In a series of photographs posted to Twitter, several objects can be seen pointing skyward, and appear to be an anti-aircraft missile launcher/erector and targeting/acquisition radar. Though unconfirmed, some open-source intelligence analysts have speculated that they might be one of Russia’s formidable surface-to-air ballistic missile systems.
Possible candidates are the Soviet-designed S-300 or the more advanced S-400 system. The latter is widely regarded as one of the most advanced anti-aircraft ballistic missile systems in the world.
The S-400 previously made headlines when it was sold to Turkey, despite strong protests from the United States and other NATO members. The Turkish purchase came at a steep cost however, and resulted in Ankara’s expulsion from the United States-led F-35 stealth fighter program due to fears that the S-400 could be used to learn the stealth characteristics of the American-designed stealth plane.
Clues in the Sand
As several analysts have pointed out, an An-124 Ruslan recently landed at the Al Khadim airfare base in Libya’s northeast. This is significant because the An-124 is one of the only heavy strategic airlift planes in Russian service that is capable of transporting either the S-300 or S-400 anti-air systems.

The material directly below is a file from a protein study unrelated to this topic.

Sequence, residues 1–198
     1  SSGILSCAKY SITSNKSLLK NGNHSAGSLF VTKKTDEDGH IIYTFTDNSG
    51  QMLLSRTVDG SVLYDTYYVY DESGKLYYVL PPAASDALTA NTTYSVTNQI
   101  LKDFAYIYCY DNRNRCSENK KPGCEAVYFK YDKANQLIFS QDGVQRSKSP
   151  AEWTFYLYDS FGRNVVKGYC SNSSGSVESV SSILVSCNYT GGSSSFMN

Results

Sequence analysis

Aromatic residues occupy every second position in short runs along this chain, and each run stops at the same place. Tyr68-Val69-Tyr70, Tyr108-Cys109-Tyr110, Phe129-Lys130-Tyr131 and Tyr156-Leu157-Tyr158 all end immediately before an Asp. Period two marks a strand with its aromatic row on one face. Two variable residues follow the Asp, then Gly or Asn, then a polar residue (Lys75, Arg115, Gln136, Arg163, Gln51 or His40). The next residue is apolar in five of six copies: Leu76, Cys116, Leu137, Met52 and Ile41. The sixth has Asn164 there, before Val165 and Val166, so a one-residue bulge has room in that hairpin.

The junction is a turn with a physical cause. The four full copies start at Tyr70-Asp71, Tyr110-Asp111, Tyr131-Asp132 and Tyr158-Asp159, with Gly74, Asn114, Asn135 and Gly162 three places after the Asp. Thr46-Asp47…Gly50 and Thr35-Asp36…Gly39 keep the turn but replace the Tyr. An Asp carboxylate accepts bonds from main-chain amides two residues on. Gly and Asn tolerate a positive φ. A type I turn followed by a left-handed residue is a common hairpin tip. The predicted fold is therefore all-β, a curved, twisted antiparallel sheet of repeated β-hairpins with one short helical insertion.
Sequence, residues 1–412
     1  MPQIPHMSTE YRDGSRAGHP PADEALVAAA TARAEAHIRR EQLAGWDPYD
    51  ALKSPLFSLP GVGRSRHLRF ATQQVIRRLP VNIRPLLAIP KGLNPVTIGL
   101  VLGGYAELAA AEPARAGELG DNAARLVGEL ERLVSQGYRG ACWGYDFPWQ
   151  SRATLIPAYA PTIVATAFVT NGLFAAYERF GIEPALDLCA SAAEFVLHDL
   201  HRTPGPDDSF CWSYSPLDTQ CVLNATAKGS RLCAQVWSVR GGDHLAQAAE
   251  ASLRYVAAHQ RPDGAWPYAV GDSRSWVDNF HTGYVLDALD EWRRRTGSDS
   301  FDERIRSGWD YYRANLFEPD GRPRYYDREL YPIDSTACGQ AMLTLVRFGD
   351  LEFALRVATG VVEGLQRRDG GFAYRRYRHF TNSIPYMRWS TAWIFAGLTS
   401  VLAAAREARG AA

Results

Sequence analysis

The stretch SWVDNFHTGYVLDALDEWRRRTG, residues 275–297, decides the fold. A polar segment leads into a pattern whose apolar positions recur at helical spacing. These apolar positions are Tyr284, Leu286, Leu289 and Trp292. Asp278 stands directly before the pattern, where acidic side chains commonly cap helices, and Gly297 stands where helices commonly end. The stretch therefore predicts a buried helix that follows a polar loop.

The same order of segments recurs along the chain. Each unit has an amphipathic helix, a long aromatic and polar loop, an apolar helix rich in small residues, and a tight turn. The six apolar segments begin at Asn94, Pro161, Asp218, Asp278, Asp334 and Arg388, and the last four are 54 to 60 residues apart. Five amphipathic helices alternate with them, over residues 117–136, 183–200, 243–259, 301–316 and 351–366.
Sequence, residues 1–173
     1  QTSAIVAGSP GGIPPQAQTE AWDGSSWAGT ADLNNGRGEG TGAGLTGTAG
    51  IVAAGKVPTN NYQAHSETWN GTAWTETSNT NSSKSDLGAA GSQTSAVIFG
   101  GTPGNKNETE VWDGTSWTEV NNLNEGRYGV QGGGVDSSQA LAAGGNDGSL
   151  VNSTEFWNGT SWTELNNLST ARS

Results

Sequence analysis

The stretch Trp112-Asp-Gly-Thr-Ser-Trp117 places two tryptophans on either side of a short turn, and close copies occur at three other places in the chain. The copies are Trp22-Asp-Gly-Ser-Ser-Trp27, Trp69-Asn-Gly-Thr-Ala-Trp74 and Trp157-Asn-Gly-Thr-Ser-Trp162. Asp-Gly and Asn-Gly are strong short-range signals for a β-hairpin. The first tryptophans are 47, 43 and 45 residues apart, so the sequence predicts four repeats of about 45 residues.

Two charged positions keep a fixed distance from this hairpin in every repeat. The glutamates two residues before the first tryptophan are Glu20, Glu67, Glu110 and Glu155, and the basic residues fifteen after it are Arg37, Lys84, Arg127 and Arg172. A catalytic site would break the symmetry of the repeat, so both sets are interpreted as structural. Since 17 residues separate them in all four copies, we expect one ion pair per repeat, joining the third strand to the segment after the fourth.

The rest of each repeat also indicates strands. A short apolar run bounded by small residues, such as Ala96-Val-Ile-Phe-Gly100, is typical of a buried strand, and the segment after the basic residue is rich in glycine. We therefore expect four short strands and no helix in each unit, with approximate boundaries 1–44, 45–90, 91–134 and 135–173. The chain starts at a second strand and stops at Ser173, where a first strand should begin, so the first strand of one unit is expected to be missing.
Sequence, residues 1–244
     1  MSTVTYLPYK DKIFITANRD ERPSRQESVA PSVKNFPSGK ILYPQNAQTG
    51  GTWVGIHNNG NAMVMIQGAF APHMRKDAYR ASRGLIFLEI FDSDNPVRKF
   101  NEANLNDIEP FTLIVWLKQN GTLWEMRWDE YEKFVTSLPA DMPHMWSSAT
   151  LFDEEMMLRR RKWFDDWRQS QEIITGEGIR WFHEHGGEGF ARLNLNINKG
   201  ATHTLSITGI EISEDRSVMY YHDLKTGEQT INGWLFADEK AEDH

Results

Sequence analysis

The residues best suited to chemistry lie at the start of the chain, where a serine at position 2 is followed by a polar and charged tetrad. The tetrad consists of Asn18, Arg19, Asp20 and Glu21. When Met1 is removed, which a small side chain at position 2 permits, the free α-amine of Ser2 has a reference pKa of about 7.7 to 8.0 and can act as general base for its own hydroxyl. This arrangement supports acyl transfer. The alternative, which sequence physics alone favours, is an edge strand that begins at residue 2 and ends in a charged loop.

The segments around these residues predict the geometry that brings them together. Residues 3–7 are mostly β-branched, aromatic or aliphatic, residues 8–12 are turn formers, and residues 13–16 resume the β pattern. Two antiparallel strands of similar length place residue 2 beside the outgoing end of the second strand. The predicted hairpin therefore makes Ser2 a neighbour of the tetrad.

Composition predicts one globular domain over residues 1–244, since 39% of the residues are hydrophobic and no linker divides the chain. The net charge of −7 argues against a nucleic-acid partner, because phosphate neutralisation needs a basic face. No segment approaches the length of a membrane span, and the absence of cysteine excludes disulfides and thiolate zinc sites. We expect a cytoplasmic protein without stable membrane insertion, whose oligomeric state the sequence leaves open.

Russia already has an established presence in Libya, where the United States’ AFRICOM documented Russian MiG-29s and Su-27s flying missions. It is unclear if those aircraft were piloted by regular Russian Air Force pilots, or by members of Russian paramilitary groups. Previously, AFRICOM estimated that there were at least 2,000 members of Moscow’s notorious Wagner group deployed in Libya.
The S-300/S-400 deployment is clearly meant to bolster Russian air defense in the area and could be meant to help Field Marshal Khalifa Haftar’s ongoing campaign against the Tripoli-based Government of National Accord. A large number of drones have been flying through Libyan airspace, particularly of Turkish and Chinese manufacture.
Russian air defenses suffered an embarrassing setback earlier this year when a number of Russian-made Pantisr air defense systems were destroyed by Turkish drones. One of the shorter-range air defense systems was even captured. The newly-deployed S-300/S-400 anti-aircraft system could give Haftar and his Libyan National Army forces an edge, and maybe be intended to make sure Turkish drones don’t score a second success.
Regardless of which of the two anti-aircraft systems the photographs show, what is certain is that Russia’s strategic foothold in North Africa is increasing.
Caleb Larson is a Defense Writer with The National Interest. He holds a Master of Public Policy and covers U.S. and Russian security, European defense issues, and German politics and culture.